And finally we arrive at the third and final part of my little series on scratch building. This will part will deal with the basics of handling, cutting and scribing panel lines on plasticard.
Anyway let's start with making your first part. Here I've used a leftover 1mm plasticard strip that I cut from a larger sheet. Place the ruler where you want to make the cut, take your favourite cutting implement and drag it along the intended line, putting some pressure on the knife. Do NOT cut all the way through!
The picture above shows the resulting cut. Not very much to look at, but it will more than suffice for what comes next.
Next you take the plasticard piece in question and firmly bend close to the cut until it snaps. This is by far the fastest and most efficient way to handle plasticard. On thinner pieces like 0.13 and 0.25mm thick plasticard you can often just cut all the way through with little effort but that will be not sufficient for thicker plasticard. In fact, fact when cutting really thick plasticard you should utilize your scribing tool as well.
Here I have a 2mm thick leftover piece. The procedure is almost the same just with an additional step. First, before using the knife, you make a grove with your scribing tool. Just take the tool and drag it towards you while putting pressure on it. The point on the 'hook' is what does all the work so take care to not damage it.
When you have your groove, just repeat the steps showed earlier. While strictly not necessary, cutting with the knife inside the grove will help with the snapping procedure. In this case I also took the opportunity to make some panel lines on top of the part. Unfortunately they are not very visible in the above pictures but making them couldn't be simpler. Just use the scribing tool as mentioned above but use less pressure than before.
Using a scribing tool without a ruler or some kind of guide is not something I can recommend but sometimes it has to be done. Even worse is any kind of rounded surface or indeed a tube or pipe! For these situations I've developed the following method. First I use some masking tape that I make a couple of layers thick. This forms my 'ruler' and I tape it along the line I wish scribe. Secondly I take a normal knife and score the line. After that I take the scribing tool and slowly push it away from me along the previously scored area. This widens the line and makes it possible to start using the scribing tool as it was intended. It is a slow and fickle process and not always entirely successful but it is certainly better than doing it freehand.
A common problem when cutting plasticard, which is especially pronounced with thicker plasticard, is that the plastic tend to curl upwards and away from the cut. This is understandable as the material has to go somewhere and the path of least resistance is away from the knife. You'll have to excuse my poor drawing skills but the above picture shows a basic view how it looks from the side. This can be very hard to spot before you start painting as white plastic just doesn't produce enough shadows to properly highlight these areas. As a precaution, it is a good idea to always scrape a knife along the edge of any cuts.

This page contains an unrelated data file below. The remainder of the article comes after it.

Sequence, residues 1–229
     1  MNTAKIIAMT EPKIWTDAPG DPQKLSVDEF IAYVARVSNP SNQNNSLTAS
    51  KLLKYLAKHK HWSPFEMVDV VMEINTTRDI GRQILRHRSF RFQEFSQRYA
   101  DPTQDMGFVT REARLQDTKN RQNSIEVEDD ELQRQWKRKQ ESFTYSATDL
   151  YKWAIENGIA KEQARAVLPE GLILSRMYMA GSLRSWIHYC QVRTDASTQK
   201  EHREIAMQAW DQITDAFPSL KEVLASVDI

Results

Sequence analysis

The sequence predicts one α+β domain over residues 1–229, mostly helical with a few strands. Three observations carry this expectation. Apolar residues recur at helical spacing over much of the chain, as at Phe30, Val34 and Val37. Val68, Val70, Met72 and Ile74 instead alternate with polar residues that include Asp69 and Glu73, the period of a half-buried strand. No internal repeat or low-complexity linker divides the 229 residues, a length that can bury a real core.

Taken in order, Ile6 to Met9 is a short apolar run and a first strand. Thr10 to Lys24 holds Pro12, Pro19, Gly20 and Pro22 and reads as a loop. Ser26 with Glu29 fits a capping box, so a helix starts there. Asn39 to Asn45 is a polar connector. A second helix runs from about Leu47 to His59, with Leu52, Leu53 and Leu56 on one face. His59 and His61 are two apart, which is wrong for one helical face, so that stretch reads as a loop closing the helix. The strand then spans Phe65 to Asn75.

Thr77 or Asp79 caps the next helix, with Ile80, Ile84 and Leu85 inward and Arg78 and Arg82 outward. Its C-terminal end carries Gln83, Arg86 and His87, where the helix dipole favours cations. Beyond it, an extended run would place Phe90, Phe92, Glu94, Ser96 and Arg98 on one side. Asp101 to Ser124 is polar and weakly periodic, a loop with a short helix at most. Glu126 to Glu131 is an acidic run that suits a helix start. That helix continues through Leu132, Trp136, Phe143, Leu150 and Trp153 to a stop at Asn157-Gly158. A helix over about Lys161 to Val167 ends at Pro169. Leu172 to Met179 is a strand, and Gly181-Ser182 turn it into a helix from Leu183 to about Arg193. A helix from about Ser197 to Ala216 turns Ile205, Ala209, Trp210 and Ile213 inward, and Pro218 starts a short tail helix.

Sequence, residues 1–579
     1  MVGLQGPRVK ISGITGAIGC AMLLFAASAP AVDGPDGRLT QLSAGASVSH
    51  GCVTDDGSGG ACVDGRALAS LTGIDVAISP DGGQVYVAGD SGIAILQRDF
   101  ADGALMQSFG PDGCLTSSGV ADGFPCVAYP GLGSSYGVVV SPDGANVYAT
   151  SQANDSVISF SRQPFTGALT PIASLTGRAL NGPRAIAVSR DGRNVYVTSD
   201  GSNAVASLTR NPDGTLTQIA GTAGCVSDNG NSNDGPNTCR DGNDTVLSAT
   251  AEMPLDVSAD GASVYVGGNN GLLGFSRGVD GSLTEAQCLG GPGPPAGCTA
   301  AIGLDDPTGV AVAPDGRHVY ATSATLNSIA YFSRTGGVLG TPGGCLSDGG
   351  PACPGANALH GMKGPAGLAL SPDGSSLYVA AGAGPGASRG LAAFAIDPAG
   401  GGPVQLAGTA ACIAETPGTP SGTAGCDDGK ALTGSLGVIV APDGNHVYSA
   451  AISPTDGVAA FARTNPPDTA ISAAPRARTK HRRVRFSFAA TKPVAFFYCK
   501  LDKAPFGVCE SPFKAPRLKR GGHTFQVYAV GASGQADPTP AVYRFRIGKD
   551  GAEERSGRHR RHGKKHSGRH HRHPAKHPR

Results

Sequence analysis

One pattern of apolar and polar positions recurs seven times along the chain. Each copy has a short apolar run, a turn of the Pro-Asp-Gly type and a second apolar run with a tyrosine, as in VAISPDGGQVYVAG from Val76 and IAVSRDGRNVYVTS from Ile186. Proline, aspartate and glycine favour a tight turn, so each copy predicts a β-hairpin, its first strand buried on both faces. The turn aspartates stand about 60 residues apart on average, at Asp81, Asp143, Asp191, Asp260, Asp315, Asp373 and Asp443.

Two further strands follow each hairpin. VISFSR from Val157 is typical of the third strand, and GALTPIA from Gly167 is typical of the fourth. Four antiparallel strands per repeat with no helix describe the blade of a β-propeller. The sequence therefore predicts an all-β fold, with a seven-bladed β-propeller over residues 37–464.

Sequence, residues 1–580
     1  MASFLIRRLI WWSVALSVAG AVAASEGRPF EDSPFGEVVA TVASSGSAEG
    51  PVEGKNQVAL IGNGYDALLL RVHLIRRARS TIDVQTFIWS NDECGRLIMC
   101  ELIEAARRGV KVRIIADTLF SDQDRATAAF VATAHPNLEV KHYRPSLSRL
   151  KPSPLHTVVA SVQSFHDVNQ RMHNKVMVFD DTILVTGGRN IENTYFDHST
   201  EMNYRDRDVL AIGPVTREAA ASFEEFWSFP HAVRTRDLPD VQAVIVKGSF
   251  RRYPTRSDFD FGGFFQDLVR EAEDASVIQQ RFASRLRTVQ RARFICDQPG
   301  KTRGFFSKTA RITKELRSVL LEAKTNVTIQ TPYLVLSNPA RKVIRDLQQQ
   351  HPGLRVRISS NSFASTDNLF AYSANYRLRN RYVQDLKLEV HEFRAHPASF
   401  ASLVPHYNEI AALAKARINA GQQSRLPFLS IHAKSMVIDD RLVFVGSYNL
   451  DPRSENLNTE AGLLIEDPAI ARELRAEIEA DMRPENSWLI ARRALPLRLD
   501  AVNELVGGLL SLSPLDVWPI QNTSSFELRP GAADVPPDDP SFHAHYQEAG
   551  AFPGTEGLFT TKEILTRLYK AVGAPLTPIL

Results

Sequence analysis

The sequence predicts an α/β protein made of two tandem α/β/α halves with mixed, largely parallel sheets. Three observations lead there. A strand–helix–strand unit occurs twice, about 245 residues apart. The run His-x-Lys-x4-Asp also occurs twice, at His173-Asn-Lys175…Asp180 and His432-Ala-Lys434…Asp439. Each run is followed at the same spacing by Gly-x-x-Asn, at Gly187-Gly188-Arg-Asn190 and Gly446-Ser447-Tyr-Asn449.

Another problem is that the cut is often not as smooth as one would like and yet again it is a problem more pronounced with thicker plasticard. The first picture above shows the end of the 2mm piece I cut earlier and the second one shows an exaggerated profile view. Always be prepared to file and sand every piece you make. Part of this can be alleviated by using a saw but that option isn't always available, especially on a really big pieces.
In the second situation I usually put a dab of super glue inside the join and spray it with some accelerator. Instant curing and provides pretty good stability as well. Of course, in other situations you need to strengthen the join between pieces and I usually go for some square plasticard. Angles are available and while they are better than squares, you get half the amount compared to squares. On particularly large builds you might need internal structures to hold everything up but I couldn't possibly advice you on what to use, it all depends on the build after all.
When the shape is finished you need to start consider filling and sanding. No matter how well you prepare a piece there will always be a chance that it wasn't perfect. Most commonly this will show along any seams so it's there you need to concentrate your efforts. While I haven't done it in the above picture I would have first filed down or cut away any excess material, and put filler, like Milliput or Green Stuff, along the seam. When cured, this would later be sanded down and filled again if there was a need for it.
Finally I will spend a few words on economical use of plasticard. Whatever you do, don't cut plasticard as can be seen on the left sheet. That leaves strange and unusable shapes and makes it hard to cut more pieces with precision. It is far better to cut long, straight strips and put the leftovers from the strip in your leftover box. The sheet on the right should be proof enough. It started as a full sheet of plasticard that I have cut several strips of differing sizes from until it's about a third left of it. However, unlike the sheet on the left, I will have no problems cutting any additional pieces from it.
And that concludes my tutorial. It is my hope that this will help any beginners to start up their own pieces of art. Until next time!